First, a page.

Once you have a general time frame for the date, figure out how long your event will last. There’s always a temptation to have a multi-day event but it’s expensive and the logistics for both you and the competitors can get out of hand very quickly. If your jam isn’t on par with something like Outbreak, Freestyle Session, UK Champs, or any other event that can bring in national or international talent in big numbers, I don’t think it’s worth the time, money or effort. Keep in mind I’m just talking about battles (i.e. Prelims on Friday, top 16 on Saturday, finals Sunday-type thing). If you want to have a day for just workshops or cyphers, I think that’s a bit more manageable. No ones going to be pissed if they miss it and you don’t need as many vital staff members that you’d need to pay for an extra day of work.
Do your research on other events, most recurring jams are within the same two to three-week period every year. If you think your event might be close an event that might compete with you, contact the promoter and see if they’ve confirmed a date. If they haven’t, let them know the date you’re thinking and try to work together so you’re not hamstringing each other for attendees. You could possibly cross promote and help both your events.
That being said, I know that some promoters are just straight up shady and are willing to screw your event no matter what, going so far as to purposely throw an event the same day as yours. You can’t do anything about those guys but you can make sure you’re not one of them. It’s a dick move and ultimately, it will ruin your reputation. No one likes to support or associate with shady practices and if you think it won’t get around, you’re very mistaken.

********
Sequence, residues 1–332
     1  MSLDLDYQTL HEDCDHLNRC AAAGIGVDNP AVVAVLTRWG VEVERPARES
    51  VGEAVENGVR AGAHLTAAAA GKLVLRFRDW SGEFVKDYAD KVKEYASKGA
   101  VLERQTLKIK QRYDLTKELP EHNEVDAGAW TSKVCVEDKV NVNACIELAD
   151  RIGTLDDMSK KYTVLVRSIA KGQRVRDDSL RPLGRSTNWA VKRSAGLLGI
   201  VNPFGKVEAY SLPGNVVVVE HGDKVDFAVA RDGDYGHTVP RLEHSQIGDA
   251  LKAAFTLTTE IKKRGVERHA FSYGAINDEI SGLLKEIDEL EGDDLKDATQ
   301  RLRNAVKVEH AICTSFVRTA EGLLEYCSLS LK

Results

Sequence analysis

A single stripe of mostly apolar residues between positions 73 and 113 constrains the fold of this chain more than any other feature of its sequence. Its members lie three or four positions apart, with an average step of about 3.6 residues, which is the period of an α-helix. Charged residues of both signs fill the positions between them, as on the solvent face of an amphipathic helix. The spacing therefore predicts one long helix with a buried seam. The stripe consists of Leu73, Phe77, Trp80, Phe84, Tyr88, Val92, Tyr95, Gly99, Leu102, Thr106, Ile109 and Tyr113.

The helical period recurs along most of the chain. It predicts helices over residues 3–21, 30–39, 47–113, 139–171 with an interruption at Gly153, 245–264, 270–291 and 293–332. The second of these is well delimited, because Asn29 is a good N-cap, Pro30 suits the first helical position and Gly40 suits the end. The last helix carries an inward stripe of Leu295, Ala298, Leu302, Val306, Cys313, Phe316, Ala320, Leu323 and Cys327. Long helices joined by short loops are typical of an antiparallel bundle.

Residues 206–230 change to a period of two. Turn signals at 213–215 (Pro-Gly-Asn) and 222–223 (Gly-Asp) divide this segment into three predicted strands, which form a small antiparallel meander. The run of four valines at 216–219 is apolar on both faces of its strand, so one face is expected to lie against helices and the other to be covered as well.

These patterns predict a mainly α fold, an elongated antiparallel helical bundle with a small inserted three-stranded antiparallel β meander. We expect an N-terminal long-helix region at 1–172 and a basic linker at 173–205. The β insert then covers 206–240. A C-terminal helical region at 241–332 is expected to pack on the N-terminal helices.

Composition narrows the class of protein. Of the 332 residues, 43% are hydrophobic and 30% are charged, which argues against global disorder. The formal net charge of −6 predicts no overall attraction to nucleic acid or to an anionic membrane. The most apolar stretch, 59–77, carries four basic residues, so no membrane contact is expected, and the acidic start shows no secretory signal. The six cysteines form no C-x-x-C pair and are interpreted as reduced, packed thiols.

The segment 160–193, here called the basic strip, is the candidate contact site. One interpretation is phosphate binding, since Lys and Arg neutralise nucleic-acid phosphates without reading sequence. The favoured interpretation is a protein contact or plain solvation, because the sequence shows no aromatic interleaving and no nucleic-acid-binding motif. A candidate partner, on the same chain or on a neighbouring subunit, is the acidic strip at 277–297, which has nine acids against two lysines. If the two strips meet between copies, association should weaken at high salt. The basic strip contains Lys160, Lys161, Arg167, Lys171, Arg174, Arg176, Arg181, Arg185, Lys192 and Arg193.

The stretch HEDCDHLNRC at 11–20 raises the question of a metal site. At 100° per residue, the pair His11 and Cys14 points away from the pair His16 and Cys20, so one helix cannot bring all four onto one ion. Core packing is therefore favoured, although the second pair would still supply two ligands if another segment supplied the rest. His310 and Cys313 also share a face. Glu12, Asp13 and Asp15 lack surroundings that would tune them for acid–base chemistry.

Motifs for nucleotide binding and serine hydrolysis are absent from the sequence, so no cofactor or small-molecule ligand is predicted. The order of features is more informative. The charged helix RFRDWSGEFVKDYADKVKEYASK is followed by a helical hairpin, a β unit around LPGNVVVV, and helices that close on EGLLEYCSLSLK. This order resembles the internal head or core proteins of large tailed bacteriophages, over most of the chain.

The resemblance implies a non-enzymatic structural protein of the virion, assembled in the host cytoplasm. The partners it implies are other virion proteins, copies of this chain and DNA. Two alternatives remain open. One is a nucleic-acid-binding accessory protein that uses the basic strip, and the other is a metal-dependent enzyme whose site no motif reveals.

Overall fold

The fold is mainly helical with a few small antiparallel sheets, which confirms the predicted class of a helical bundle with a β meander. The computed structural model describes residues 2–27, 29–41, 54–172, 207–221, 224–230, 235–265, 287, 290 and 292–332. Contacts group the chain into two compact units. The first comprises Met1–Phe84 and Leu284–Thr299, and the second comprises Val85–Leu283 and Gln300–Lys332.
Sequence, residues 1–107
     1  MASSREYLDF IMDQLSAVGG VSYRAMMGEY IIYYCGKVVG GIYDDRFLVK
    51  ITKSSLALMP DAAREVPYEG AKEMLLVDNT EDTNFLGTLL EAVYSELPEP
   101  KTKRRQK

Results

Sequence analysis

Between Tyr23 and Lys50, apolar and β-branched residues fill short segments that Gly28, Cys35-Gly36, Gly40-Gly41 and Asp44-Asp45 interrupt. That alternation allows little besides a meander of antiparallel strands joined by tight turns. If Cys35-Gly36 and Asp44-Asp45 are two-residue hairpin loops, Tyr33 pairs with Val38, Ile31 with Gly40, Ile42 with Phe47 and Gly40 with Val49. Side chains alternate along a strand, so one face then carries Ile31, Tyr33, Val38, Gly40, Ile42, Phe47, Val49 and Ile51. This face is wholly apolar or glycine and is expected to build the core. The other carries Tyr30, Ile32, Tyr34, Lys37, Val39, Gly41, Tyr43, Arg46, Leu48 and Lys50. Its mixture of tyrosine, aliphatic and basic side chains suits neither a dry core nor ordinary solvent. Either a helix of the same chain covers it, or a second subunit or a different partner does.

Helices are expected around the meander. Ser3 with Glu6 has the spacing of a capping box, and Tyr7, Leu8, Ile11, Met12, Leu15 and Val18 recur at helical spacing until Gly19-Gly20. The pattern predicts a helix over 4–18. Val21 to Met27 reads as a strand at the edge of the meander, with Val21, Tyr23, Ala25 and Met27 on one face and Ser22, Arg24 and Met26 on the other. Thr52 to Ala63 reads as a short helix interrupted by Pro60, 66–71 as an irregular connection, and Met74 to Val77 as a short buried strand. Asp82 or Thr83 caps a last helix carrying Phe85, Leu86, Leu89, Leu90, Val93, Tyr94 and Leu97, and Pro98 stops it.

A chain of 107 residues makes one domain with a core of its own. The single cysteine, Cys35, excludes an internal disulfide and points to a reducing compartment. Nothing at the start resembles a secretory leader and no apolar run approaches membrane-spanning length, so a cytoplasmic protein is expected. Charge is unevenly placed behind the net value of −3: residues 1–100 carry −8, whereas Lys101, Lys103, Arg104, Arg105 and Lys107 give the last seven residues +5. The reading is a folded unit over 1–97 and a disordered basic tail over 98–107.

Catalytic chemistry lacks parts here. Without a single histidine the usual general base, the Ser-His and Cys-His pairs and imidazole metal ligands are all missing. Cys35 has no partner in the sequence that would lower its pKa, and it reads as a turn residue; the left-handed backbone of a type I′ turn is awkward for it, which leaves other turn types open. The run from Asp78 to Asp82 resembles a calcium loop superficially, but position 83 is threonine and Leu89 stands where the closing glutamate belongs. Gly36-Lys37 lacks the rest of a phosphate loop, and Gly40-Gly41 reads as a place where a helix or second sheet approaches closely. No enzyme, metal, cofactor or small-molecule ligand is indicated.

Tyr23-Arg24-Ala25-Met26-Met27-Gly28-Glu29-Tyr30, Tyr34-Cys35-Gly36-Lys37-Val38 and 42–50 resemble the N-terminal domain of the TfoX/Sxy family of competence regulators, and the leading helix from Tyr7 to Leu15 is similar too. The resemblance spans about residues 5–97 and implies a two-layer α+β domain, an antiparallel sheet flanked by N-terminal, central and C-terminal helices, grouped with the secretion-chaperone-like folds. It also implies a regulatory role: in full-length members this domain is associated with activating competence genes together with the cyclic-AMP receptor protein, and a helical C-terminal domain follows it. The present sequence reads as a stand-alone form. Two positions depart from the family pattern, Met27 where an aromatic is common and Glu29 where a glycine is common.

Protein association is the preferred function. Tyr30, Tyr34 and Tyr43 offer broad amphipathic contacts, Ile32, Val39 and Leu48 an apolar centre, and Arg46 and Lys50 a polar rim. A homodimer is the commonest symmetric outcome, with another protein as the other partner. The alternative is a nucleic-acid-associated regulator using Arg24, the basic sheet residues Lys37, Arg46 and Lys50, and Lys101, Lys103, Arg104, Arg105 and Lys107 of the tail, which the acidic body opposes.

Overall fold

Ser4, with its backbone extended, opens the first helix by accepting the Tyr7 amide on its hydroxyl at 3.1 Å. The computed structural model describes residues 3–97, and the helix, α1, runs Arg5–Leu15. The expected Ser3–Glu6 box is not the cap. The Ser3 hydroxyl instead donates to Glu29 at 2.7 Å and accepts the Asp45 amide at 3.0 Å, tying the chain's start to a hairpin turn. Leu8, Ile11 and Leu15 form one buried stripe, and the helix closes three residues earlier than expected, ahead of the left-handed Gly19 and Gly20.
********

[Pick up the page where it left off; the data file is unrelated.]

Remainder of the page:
Once you have a date set (it’s officially set when the venue is locked in), get it out there as early as you possibly can. Let people know it’s happening so people can schedule for travel and so other promoters know to avoid that date. A lot of people hold off till they have everything set to promote but the later you announce, the better the chance people have already made plans.
You don’t need your full promotion package (flyer, FB event page, etc) or even all the info. I guarantee you know at least a few people who will care about an event you’re throwing. Those people just need a date, and they’re there, they don’t care about who you hire or how big the prize. That same group will probably be most likely to spread the word when they have conversations with their crew mates or at their practice session. If they know the date and they like or respect you, they don’t need all the info to sell their friends on it. I know I’ve been convinced to go to a jam just because my crew was going. A lot of times I don’t know who’s judging or what the prize is until the MC announces it at the event. Don’t go full blast on promotion yet though, keep it tight to people you know will support. Now’s not the time to send a invite to every being on the internet.